Katherine Hannan: The intrepid nurse who battled the deadliest flu pandemic in history
Some 50 million people would succumb to the Spanish influenza outbreak of 1918. And this Johnson & Johnson employee went out of her way to be at the very front lines of caring for the sick.
For Johnson & Johnson employees, Our Credo is more than just a company mission statement—it’s a way of life. And even before the guiding document was crafted in 1943, employees personified its commitment to put the needs and well-being of the people we serve first.
For Women’s History Month, we’re featuring Katherine Hannan, an employee who took Johnson & Johnson’s commitment to well-being to heart and put her nursing skills to use on the front lines during World War I.
Her role at Johnson & Johnson …
Hannan, who was a nurse by training, worked in the early 1900s in Johnson & Johnson’s in-house advertising department, which was responsible for producing ads for such popular company products as sterile surgical dressings, Johnson’s® Shaving Cream Soap and Red Cross® Kidney Plasters.
Why we think she’s worthy of being called a hero …
“When the United States entered World War I in 1917, the Red Cross put out a call for nurses and Katherine volunteered,” says Margaret Gurowitz, Chief Historian at Johnson & Johnson. “She was a pioneer at Johnson & Johnson in that respect.”
In fact, Hannan is the only known female Johnson & Johnson employee to have volunteered for military service during that time. “Roles for women in the military were far more limited 100 years ago,” Gurowitz says, adding that nursing was one of the few positions women could fill.
As a field nurse for the U.S. Army, Hannan was first sent to General Hospital #6 at Fort McPherson in Georgia, where she was quickly promoted to head nurse and superintendent, overseeing 100 nurses.
Meanwhile, the deadly Spanish influenza virus was spreading. The first recorded outbreak in the United States occurred at Camp Funston in Fort Riley, Kansas, on March 11, 1918. A few months later, Hannan was sent to Vladivostok, Siberia, to serve with the American Expeditionary Forces as chief nurse of the Evacuation Hospital, where she and fellow nurses treated wounded soldiers and those suffering from the flu.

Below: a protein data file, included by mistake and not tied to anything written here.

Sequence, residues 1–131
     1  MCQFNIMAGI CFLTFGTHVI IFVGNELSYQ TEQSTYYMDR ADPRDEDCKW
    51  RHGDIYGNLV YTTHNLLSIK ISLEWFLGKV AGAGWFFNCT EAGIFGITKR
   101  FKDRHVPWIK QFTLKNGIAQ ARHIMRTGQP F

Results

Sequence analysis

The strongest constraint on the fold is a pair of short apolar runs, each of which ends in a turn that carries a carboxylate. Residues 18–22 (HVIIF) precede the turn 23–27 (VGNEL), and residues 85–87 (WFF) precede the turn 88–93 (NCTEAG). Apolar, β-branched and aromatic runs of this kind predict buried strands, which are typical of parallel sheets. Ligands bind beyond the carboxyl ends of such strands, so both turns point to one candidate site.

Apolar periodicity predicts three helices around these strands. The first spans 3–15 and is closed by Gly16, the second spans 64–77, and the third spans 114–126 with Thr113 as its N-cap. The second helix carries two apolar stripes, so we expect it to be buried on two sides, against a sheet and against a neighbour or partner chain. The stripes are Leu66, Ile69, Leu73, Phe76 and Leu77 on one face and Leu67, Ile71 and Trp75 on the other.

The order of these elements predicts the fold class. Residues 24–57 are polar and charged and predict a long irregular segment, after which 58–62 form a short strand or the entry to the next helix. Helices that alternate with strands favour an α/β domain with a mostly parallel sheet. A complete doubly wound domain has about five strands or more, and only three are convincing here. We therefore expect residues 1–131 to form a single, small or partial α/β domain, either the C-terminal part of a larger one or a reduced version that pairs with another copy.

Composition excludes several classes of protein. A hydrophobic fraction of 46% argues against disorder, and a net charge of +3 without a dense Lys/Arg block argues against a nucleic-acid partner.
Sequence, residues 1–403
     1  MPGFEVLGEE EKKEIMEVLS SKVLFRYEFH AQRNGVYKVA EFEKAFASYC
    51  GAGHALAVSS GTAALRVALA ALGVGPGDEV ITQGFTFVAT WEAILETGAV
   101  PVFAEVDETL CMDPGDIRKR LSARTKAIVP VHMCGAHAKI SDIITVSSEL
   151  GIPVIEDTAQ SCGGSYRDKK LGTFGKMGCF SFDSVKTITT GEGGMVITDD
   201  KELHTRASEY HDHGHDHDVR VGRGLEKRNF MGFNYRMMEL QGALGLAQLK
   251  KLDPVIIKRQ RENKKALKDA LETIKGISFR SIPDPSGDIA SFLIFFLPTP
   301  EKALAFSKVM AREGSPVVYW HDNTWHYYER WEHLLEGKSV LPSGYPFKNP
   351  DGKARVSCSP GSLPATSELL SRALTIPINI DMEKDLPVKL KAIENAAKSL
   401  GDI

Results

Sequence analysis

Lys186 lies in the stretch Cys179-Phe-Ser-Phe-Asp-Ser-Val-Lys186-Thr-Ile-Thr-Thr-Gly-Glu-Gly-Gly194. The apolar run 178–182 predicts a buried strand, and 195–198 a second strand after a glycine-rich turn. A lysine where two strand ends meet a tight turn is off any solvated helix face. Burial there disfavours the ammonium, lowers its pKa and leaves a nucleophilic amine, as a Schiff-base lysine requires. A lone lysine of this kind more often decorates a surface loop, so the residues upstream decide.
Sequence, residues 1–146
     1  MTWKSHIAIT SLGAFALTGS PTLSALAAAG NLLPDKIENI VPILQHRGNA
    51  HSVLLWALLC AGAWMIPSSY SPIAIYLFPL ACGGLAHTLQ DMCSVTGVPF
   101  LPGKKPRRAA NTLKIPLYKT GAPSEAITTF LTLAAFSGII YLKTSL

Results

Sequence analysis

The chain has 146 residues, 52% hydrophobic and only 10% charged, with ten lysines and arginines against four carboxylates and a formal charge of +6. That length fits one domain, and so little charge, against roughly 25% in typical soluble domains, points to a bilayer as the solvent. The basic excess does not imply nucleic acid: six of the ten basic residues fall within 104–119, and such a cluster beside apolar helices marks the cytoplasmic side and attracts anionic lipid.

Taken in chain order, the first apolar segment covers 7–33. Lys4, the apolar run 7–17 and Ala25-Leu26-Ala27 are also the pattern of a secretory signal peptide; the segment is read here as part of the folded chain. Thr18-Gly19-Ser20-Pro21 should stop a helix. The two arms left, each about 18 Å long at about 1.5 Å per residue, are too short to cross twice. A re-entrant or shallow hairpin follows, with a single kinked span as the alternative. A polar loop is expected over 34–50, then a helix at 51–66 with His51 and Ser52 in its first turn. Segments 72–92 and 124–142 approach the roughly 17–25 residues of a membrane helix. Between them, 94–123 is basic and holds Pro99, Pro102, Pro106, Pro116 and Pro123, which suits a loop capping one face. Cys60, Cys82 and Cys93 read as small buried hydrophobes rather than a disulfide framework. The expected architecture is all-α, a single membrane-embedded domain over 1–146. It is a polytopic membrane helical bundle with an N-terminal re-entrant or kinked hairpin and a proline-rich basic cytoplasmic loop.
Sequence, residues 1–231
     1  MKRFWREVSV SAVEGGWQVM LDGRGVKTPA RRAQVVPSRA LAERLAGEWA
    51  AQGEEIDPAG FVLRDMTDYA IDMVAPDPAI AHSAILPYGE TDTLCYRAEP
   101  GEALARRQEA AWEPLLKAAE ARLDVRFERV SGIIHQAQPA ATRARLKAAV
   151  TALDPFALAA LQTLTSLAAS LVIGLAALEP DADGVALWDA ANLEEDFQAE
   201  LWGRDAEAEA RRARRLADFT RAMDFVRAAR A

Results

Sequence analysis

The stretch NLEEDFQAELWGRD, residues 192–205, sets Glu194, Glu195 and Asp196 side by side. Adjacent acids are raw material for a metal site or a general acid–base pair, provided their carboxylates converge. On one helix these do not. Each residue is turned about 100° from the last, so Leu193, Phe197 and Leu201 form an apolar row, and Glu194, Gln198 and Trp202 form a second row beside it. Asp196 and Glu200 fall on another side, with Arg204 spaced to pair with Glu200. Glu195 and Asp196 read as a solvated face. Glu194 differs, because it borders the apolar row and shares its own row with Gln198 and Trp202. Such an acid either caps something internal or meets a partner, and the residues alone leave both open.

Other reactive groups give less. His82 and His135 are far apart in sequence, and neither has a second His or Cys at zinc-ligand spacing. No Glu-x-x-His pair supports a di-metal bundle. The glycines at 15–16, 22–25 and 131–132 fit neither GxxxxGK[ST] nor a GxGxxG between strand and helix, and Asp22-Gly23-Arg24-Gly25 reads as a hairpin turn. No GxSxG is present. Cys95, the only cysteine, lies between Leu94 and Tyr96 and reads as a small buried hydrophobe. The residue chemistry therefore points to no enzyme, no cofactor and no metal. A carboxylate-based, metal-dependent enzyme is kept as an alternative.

This was no small feat: The pandemic would ultimately claim the lives of about 50 million people worldwide.
A fun fact about her …
Hannan was a second-generation Johnson & Johnson employee. According to Gurowitz, her father worked for the company as a member of the engineering staff and would have been in charge of the electrical generating equipment in the Old Mill, a Johnson & Johnson manufacturing facility. The company made medicated plasters there, among other products, and the site also contained the company’s first aseptic lab for sterile surgical products.
How her legacy lives on today …
Hannan was an early example of the company’s long-standing commitment to helping communities around the world, paving the way for such modern company programs as the Extended Volunteer Leave Policy, which allows eligible employees to take up to two weeks away—including one paid—from their jobs to volunteer at a nonprofit of their choice.
She was also an embodiment of the company’s commitment to supporting nurses, which is manifested today in the Johnson & Johnson Campaign for Nursing—an initiative that aids students pursuing careers in nursing and provides resources for those already in the profession.
“Hannan really exemplified the characteristics of giving back, stepping up and helping when help was needed—leadership qualities that are important at Johnson & Johnson to this day,” Gurowitz says.